Outbreaks of the porcine reproductive and respiratory syndrome (PRRS) virus seem to have slowed during the winter of 2013-2014, according to those monitoring the disease.
Steven Tousignant, DVM, with the National PRRS Incidence Project at the University of Minnesota, says the 2013-2014 PRRS epidemic season continues to be surprisingly different than previous seasons. Using the previous four years as a baseline to analyze for the expected number of breaks, he indicates that significantly fewer cumulative new PRRS breaks have been observed through December 2013 (p = 0.0002).
Fewer breaks were seen on a quarterly basis from both July to September (p = 0.0139), and from October to December (0.0049). Tousignant says the differences appearto have started back in the summer months.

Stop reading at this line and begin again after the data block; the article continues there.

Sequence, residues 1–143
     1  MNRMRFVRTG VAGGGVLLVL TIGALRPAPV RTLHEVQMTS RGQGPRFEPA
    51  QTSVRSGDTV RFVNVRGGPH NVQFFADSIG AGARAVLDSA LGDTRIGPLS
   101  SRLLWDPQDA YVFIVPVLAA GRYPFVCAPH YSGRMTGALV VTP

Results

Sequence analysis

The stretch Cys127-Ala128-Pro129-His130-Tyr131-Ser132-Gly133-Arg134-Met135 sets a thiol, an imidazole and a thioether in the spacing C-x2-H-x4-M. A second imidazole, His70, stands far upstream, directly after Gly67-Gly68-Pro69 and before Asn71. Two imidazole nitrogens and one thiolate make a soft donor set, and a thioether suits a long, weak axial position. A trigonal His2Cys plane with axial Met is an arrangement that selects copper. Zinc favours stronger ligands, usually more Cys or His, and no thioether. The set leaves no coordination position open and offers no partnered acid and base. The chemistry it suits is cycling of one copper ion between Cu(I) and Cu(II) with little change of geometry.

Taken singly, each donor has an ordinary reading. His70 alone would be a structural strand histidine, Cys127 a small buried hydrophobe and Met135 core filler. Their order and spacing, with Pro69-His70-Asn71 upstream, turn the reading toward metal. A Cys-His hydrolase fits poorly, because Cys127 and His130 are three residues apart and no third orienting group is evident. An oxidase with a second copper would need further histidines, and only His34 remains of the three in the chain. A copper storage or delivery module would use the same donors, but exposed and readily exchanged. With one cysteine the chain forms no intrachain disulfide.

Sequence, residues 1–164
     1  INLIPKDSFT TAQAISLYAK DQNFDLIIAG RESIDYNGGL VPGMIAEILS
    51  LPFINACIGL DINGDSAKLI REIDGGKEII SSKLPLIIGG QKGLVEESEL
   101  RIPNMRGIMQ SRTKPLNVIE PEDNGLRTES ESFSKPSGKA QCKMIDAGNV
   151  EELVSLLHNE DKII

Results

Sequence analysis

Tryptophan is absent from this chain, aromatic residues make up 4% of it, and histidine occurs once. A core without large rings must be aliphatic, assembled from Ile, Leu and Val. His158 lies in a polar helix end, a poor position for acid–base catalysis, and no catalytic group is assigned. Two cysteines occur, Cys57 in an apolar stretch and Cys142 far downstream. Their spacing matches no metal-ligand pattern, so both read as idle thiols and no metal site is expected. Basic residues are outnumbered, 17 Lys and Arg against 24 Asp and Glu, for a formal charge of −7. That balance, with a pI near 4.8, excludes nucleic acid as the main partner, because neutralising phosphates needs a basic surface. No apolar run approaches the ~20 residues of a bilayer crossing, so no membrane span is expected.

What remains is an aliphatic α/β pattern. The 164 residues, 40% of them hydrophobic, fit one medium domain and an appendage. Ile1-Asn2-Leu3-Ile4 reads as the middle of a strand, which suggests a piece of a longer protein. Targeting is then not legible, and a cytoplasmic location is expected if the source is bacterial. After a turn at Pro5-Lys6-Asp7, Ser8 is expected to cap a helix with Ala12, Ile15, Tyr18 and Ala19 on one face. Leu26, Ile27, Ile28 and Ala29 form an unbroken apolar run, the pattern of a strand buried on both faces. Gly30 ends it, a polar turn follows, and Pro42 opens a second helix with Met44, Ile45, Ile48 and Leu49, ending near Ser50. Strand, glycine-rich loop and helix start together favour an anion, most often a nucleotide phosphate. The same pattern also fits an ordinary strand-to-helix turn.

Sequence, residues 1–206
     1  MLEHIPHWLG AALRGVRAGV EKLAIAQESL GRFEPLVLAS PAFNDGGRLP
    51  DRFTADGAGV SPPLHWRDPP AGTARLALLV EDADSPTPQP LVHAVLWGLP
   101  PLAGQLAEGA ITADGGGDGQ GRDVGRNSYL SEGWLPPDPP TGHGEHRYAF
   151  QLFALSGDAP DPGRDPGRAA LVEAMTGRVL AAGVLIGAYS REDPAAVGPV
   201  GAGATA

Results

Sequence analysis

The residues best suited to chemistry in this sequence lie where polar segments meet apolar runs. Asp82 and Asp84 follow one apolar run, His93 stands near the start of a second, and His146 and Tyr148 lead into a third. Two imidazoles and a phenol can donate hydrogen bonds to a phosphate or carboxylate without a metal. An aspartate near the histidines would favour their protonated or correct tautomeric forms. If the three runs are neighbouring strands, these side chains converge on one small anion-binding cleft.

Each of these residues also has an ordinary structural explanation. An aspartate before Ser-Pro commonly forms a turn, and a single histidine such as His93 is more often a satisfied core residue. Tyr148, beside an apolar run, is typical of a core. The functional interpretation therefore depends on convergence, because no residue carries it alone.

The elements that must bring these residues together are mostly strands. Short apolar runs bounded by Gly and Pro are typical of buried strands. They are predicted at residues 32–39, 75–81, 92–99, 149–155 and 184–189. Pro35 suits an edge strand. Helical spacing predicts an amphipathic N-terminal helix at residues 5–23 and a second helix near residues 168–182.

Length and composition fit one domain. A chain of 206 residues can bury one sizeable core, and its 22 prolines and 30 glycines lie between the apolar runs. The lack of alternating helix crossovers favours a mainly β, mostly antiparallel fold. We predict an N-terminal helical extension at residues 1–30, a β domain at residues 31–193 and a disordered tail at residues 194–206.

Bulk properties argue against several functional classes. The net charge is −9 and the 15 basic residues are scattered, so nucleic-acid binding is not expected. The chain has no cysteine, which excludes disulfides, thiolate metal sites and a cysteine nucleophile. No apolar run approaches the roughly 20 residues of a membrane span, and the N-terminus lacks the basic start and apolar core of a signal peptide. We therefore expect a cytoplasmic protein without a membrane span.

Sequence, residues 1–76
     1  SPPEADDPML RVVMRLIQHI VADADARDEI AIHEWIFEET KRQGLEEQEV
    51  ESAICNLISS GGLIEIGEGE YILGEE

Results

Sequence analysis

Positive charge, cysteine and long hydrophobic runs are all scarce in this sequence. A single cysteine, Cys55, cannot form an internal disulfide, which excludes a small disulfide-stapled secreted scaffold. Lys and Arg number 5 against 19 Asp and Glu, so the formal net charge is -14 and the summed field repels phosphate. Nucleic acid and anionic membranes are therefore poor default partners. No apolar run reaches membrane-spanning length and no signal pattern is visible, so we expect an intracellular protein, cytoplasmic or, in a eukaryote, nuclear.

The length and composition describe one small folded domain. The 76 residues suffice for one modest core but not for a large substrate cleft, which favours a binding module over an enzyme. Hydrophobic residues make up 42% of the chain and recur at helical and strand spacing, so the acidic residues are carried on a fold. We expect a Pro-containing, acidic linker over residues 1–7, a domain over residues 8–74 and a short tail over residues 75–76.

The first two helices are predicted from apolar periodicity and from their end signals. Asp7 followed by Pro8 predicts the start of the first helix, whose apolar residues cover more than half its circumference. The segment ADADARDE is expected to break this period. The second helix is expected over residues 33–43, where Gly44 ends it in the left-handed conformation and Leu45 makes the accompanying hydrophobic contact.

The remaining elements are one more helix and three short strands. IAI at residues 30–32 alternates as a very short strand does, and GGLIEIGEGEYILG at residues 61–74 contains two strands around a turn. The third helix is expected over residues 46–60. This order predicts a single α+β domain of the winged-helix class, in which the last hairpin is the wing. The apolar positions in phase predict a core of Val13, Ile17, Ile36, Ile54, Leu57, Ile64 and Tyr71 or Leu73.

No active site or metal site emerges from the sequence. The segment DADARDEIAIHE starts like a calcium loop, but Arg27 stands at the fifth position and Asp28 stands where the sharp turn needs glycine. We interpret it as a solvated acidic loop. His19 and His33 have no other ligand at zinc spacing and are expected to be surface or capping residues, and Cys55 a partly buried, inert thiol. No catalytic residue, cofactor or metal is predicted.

He provides graphs here to illustrate his points.
Tousignant proposes several reasons for the decrease in PRRS breaks:
- Better awareness of the PRRS epidemic seasons, leading to better biosecurity preparations
- Difficulty identifying PRRS infections in herds co-infected with porcine epidemic diarrhea virus (PEDV)
- Reduced PRRS diagnostics during PEDV outbreaks
- Shorter duration of PRRS positive pig production during PEDV breaks
- Extremely cold weather conditions across much of the Midwest
- The next virulent strain of PRRS has not yet arrived
Read more about PRRS and the AASV PRRS Incidence Report at the AASV website. http://www.aasv.org/news/story.php?id=7081.
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